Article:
Yanidel is a passionate street photographer from Paris who considers himself as part of the Humanist tradition. He strives for capturing little facts of people’s daily by giving a surrealist and lyric dimension to his photographs. Recently he quit his job in marketing to go discover the world accompanied by his girlfriend.
1. How did your involvement in street photography begin? Was is a style that you’ve always been fascinated with or was it a simple byproduct of experimentation where photographers tend to typically capture everything until we eventually recognize what we like most?
My involvement in Street Photography began with our move to Paris about 6 years ago. I wasn’t actually interested in any kind of photography before, though I always liked to include strangers in my holiday snapshots. Paris is traditionally of the main spots of street photography and therefore you get exposed to this discipline a lot more, be it through museum, exhibits or fairs. I started then to investigate the topic a bit more and took my first shots during long walks in the city. I was bit by the bug and soon bought my first rangefinder, an Epson R-D1. Since then, it hardly ever leave home without a camera.
2. Not only am I very fond of street photography but I’m equally enthusiastic about traveling and I think I can speak for most photographers when I say that we’re quite envious of you because you’ve managed to pursue both in this 80 Weeks Around the World adventure you’re currently on. Tell us a bit about this and how has this experience altered you as a photographer? For people who’ve daydreamed about embarking on something similar, what advice do you have for them from a financial standpoint?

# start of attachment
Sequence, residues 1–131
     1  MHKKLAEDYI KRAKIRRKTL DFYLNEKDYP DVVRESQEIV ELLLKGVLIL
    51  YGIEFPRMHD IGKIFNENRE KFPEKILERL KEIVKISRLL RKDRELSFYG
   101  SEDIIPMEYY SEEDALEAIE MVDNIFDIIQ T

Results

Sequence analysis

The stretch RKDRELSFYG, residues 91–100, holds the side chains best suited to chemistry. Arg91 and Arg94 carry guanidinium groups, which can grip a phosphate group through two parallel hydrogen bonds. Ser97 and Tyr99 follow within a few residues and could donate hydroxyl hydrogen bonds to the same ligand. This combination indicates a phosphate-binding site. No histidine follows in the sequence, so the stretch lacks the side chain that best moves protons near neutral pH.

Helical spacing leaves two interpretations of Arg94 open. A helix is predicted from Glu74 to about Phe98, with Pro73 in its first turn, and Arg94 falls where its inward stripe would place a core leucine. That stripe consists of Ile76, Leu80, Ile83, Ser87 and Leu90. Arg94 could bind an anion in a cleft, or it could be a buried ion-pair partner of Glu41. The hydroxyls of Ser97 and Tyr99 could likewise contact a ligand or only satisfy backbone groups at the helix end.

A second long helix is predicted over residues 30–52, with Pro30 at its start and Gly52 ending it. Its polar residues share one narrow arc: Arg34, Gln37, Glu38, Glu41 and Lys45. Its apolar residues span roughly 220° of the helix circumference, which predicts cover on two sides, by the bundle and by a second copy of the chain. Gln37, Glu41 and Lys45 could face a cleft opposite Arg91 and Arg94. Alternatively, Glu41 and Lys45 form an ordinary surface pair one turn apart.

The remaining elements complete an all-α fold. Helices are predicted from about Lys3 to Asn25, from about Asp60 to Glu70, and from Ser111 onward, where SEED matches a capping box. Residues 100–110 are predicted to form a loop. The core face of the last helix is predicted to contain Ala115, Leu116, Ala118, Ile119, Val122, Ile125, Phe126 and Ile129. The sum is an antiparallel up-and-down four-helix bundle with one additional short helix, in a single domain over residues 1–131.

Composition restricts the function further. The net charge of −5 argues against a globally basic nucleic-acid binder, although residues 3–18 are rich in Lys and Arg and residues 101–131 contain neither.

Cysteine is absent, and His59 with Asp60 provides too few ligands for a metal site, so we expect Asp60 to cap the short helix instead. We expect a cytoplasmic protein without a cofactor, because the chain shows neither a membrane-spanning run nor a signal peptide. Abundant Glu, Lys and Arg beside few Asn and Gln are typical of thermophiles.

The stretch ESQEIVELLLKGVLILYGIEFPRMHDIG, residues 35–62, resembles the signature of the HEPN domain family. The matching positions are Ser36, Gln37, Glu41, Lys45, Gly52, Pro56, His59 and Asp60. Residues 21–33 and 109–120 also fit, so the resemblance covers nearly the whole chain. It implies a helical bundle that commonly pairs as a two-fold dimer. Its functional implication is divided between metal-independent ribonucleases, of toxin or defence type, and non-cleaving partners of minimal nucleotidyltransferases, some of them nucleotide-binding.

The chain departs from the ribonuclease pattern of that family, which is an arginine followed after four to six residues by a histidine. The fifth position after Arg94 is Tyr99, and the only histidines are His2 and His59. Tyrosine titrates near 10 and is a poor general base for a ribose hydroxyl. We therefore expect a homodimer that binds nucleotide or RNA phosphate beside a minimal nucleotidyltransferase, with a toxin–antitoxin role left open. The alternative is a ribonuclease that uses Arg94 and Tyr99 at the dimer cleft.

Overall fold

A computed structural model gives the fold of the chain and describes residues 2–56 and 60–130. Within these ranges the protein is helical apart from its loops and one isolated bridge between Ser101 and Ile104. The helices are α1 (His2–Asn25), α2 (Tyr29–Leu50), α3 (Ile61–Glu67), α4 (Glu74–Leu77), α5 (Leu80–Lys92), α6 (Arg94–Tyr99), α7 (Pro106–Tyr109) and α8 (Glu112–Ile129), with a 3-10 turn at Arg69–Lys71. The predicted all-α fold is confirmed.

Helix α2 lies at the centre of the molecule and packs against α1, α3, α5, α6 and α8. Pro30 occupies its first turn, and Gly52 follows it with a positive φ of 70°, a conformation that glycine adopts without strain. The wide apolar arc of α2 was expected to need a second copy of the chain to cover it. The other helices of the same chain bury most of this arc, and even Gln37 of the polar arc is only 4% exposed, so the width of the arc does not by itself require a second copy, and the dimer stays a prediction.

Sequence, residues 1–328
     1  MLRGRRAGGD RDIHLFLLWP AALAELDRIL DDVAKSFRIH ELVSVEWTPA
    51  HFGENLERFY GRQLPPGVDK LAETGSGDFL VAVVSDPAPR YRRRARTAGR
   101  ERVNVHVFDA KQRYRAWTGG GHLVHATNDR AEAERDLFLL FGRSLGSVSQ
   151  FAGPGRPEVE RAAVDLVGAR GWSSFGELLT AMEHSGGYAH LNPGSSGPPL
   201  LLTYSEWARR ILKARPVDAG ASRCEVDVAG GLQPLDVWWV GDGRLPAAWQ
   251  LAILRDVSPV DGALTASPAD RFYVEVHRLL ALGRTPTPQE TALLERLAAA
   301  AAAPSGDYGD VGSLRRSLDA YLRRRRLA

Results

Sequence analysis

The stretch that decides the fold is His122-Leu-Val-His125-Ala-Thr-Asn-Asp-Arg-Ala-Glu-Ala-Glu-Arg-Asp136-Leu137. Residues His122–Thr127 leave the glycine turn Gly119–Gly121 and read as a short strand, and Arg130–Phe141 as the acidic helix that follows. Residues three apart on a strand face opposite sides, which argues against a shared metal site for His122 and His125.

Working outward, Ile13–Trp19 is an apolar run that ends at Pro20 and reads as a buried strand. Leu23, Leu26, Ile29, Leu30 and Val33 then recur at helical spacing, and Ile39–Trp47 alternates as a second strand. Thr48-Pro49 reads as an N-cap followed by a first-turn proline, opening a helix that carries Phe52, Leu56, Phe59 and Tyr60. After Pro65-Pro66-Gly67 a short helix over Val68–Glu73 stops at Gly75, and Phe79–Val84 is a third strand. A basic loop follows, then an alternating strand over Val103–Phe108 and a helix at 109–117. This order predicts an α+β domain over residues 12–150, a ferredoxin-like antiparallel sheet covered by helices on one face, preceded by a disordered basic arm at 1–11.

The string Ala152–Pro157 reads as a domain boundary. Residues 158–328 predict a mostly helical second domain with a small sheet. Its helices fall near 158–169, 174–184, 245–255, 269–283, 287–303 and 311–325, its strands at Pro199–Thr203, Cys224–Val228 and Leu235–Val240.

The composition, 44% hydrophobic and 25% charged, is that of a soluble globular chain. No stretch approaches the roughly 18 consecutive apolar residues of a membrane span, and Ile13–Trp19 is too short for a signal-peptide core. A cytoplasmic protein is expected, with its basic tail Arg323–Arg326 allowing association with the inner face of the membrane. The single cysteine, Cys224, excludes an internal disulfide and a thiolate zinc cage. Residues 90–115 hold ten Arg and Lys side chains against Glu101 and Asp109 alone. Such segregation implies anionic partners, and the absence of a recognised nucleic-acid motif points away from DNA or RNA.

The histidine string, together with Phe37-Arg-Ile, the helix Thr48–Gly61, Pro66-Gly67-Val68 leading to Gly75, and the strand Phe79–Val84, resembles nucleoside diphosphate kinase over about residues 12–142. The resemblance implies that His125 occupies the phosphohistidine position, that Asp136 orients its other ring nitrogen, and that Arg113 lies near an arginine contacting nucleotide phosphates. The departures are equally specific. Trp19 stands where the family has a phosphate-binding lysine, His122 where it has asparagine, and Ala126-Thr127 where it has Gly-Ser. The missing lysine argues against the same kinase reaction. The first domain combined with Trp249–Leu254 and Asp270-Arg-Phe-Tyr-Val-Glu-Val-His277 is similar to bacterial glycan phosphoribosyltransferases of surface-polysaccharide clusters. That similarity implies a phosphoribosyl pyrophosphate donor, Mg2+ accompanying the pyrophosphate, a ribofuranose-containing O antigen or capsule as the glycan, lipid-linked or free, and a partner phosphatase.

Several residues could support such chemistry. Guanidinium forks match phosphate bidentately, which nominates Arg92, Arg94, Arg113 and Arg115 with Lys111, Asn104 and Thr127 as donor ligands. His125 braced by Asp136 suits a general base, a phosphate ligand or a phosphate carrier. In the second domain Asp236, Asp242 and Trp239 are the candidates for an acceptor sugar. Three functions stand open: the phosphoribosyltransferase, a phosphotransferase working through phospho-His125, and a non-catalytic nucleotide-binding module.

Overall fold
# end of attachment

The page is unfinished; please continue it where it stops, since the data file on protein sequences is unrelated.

Since most of my experience as a street photographer was built in Paris, I must admit that it has not been that easy to adjust to other countries and conciliate street and travel photography. I find that travel photography is before all documentary, it tells about people and places in sequence and as realistically as possible. On the opposite, street photography is usually purely random, wherever you are, there is no plot, no story connecting the pictures. I therefore struggled early on to keep my street photography routine but at the same time give a feel to my viewers of the places we visited in a cohesive manner.